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Popular microservices testing tools developers should know about

Testing microservices gets messy as services are independent and communicate often. Here are tests necessary for microservices, and popular tools developers use to perform them.

In a microservices architecture, numerous small, independent services integrate as needed to form an application. As such, development teams must monitor every microservice, and the path through them, to ensure the application does what it is designed to do. This is where microservices testing tools enter the picture.

To figure out how to test microservices effectively, get a handle on the six major microservices tests that software teams should perform, and the popular tools they use to perform those tests.

The six essential microservices tests

There are six main types of microservices tests that software teams should focus on to ensure that they can avoid problems with functionality and communication:

  • Unit test. Looks at the smallest piece of testable software code to ensure it behaves correctly.
  • Integration test. Verifies communication and interactions between components are accurate.
  • Component test. Tests microservices in isolation, with the use of mock doubles as needed, to verify they meet requirements.
  • Contract test. Vets the interactions at the boundary of an external service to ensure it meets the contract that is expected by the consuming service.
  • End-to-end test. Ensures all the components work together and they meet external requirements and achieve the intended functionality.
  • Performance test. Ensures that services and applications maintain high availability, viable resource consumption and distribute workloads appropriately.
Fundamental microservices management principles
Cementing microservices management principles will help you ensure high uptime and performance.

Popular microservices testing tools

There are many tools available to track, monitor and remediate microservices operation and design as needed. Here are some microservices testing tools commonly used in the development industry.

Gatling. Gatling is a load testing tool written in Scala, which enables it to run simulations on multiple platforms. At the end of a simulation, Gatling automatically reports on metrics such as active user numbers and response times. It's typically used to test the performance of microservices and web applications.

Hoverfly. Hoverfly is an open source, automated API communication simulation tool that helps with integration testing. The user can test how APIs respond to specific events, such as latency in the network, and rate limits. It also performs test calls between microservices by simulating communications, and then captures requests and responses in proxy mode to verify they work as expected.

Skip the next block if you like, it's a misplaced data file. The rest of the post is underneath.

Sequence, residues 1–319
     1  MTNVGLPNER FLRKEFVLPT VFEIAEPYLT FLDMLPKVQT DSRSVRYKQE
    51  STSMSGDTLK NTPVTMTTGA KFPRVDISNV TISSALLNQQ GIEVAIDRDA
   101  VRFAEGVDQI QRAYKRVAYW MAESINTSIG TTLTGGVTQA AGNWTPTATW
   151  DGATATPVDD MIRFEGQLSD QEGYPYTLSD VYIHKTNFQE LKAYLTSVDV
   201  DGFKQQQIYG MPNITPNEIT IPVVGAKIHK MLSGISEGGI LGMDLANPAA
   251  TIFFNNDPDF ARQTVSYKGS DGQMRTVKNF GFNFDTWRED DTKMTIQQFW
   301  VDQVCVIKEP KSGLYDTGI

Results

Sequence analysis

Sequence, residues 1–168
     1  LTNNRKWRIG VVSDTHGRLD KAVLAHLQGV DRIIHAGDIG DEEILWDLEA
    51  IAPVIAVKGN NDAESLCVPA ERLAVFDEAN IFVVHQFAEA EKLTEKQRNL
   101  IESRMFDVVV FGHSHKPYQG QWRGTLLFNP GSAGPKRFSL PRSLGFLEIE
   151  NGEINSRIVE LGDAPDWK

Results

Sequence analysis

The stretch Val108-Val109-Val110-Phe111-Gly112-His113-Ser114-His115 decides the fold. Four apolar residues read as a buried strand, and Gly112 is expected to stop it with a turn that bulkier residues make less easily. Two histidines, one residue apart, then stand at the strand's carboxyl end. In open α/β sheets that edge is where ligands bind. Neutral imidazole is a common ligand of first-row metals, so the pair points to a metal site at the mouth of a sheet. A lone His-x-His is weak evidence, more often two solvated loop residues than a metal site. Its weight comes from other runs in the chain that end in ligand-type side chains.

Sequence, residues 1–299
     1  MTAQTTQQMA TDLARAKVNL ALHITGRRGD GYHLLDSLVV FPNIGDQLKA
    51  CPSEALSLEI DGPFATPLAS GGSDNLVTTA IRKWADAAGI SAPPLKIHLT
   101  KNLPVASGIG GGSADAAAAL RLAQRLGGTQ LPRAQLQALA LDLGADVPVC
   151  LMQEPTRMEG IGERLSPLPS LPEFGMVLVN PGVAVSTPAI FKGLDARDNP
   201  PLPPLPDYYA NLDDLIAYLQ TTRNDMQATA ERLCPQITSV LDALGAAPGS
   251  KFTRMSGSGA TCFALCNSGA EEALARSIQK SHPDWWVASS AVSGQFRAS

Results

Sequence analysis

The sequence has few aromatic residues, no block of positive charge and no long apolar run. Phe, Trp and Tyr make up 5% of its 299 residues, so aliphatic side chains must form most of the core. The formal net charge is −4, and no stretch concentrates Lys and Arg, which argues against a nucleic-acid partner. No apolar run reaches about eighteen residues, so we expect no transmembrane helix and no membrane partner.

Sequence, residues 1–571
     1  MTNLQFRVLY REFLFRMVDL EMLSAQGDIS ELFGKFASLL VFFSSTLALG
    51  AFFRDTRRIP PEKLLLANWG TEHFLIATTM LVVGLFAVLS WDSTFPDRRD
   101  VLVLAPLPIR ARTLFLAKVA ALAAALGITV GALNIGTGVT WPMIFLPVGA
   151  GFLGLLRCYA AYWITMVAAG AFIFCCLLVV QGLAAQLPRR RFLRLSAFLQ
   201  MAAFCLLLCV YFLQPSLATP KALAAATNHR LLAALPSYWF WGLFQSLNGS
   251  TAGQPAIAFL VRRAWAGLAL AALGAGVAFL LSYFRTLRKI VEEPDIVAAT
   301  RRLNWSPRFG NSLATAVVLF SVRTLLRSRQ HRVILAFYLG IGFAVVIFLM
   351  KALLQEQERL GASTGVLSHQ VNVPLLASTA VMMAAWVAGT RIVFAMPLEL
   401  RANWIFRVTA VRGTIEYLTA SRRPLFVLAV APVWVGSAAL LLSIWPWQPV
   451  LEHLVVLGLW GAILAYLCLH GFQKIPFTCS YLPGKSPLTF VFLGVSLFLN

Jaeger. Jaeger is an open source, end-to-end distributed tracing tool that monitors and troubleshoots microservices-based systems. By tracking services across the software's operations environment, it can perform root-cause analysis, monitor key service dependencies and identify areas to optimize performance.

Pact. Pact is a contract testing tool that examines HTTP and message interactions to ensure applications are working in a consumer-driven contract manner. Essentially, the consuming services dictate how the providing services should provide them the data they need. The providing service then continuously tests to ensure they stay in line with these contracts, thus providing an individualized testing method that should ideally cut down on large unit tests.

There are numerous other microservices management and testing tools that help software teams deal with the unique aspects of distributed architecture. One of these tools is HashiCorp's Vagrant, a virtualization tool that enables IT teams to create disposable software development environments, test infrastructure management scripts and track deployments. VCR is a unit testing tool that captures HTTP calls; it then saves these calls and replays them during future tests to speed up the process. Another example is WireMock, an HTTP mock server you can use to record and replay API interactions, create fault injections, track communication delays and simulate stateful behavior.

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